07.13.2011 11:03 AM
Originally featured on BroadcastEngineering.com
IMS Research: Pay OTT service to generate $32 billion over next five years

Pay over-the-top (OTT) subscription services will generate a cumulative $32 billion in revenues over the next five years, accounting for the majority of the market each year compared to pay-per services that let users to rent or purchase videos on an ad-hoc basis according to a new forecast from IMS Research.

A new IMS Research study, “Over-the-Top Video – Service Delivery & Business Models – 2011 edition,” forecasts that homes viewing only free OTT videos accounted for 77 percent share of the total OTT market at the end of 2010, and this will decline to 69 percent by the end of 2016. Nevertheless, OTT market revenues are forecast to grow by a compounded annual growth rate of 32 percent over the next five years.

“Advertising-funded services and free videos make up an overwhelming share of online video traffic today, and this won’t change dramatically over the next five years,” says Anna Hunt, report author and principal analyst. “But we will start to see some significant growth in pay-OTT transactions and revenues as more market leaders in pay-TV, media and CE invest in exploring strategies for effective OTT video service delivery.”

Internet-based OTT service providers, consisting mainly of broadcasters offering content online, DVD rental companies that have expanded into streaming services, and retailers that offer online video rentals and purchasing, will generate the largest share of OTT service revenues, although this segment’s share is forecast to decline from 90 percent of world OTT video revenues in 2010 to 69 percent in 2016, according to IMS Research.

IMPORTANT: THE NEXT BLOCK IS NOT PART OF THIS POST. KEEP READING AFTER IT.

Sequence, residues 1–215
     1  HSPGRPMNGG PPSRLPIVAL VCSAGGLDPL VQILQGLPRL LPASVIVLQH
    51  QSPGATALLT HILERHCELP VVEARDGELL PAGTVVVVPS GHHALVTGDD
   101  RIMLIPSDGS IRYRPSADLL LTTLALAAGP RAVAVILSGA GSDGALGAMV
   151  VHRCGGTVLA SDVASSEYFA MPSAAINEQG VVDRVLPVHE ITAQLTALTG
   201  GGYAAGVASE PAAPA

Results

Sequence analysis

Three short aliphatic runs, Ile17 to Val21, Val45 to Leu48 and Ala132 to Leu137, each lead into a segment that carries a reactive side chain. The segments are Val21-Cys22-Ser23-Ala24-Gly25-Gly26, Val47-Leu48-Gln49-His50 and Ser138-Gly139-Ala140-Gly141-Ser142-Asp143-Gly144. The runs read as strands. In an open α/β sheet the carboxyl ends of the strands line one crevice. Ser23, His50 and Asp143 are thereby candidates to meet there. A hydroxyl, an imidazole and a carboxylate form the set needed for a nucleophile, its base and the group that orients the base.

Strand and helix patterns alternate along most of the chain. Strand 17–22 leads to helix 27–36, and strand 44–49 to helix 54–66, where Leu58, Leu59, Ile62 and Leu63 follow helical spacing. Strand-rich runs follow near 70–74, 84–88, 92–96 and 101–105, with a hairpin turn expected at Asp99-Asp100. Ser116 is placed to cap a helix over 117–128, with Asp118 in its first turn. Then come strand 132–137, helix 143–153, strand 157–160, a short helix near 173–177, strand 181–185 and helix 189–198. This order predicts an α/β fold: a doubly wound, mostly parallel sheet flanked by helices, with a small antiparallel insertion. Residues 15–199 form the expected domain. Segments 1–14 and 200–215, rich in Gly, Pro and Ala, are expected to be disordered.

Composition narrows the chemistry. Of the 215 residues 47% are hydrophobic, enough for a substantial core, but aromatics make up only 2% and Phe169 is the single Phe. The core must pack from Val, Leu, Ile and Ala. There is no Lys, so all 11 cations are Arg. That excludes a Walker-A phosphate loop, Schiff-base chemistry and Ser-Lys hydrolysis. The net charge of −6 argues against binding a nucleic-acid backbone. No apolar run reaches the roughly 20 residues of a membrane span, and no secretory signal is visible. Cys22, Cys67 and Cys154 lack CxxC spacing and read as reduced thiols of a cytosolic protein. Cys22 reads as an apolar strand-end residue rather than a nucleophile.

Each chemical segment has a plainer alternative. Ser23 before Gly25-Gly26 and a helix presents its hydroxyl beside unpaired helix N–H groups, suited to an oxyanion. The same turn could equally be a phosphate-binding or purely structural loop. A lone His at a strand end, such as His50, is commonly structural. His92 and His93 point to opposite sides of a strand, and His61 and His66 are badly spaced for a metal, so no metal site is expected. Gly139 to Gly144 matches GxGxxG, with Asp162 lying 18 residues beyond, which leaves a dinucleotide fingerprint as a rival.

The segment where OTT is delivered into the home via connected CE devices, such as connected TV sets, Blu-ray Disc players and game consoles, is forecast to see the most growth. Revenues generated from OTT transactions initiated via these devices are forecast to account for 25 percent of world revenues in 2016, up from 9.3 percent in 2010, says IMS Research.

Post New Comment
If you are already a member, or would like to receive email alerts as new comments are
made, please login or register.

Enter the code shown above:

(Note: If you cannot read the numbers in the above
image, reload the page to generate a new one.)

No Comments Found

Thursday 11:07 AM
The Best Deconstruction of a 4K Shoot You'll Ever Read
With higher resolutions and larger HD screens, wide shots using very wide lenses can be a problem because they allow viewers to see that infinity doesn’t quite resolve into perfect sharpness.

Featured Articles
Exhibitions & Events
Discover TV Technology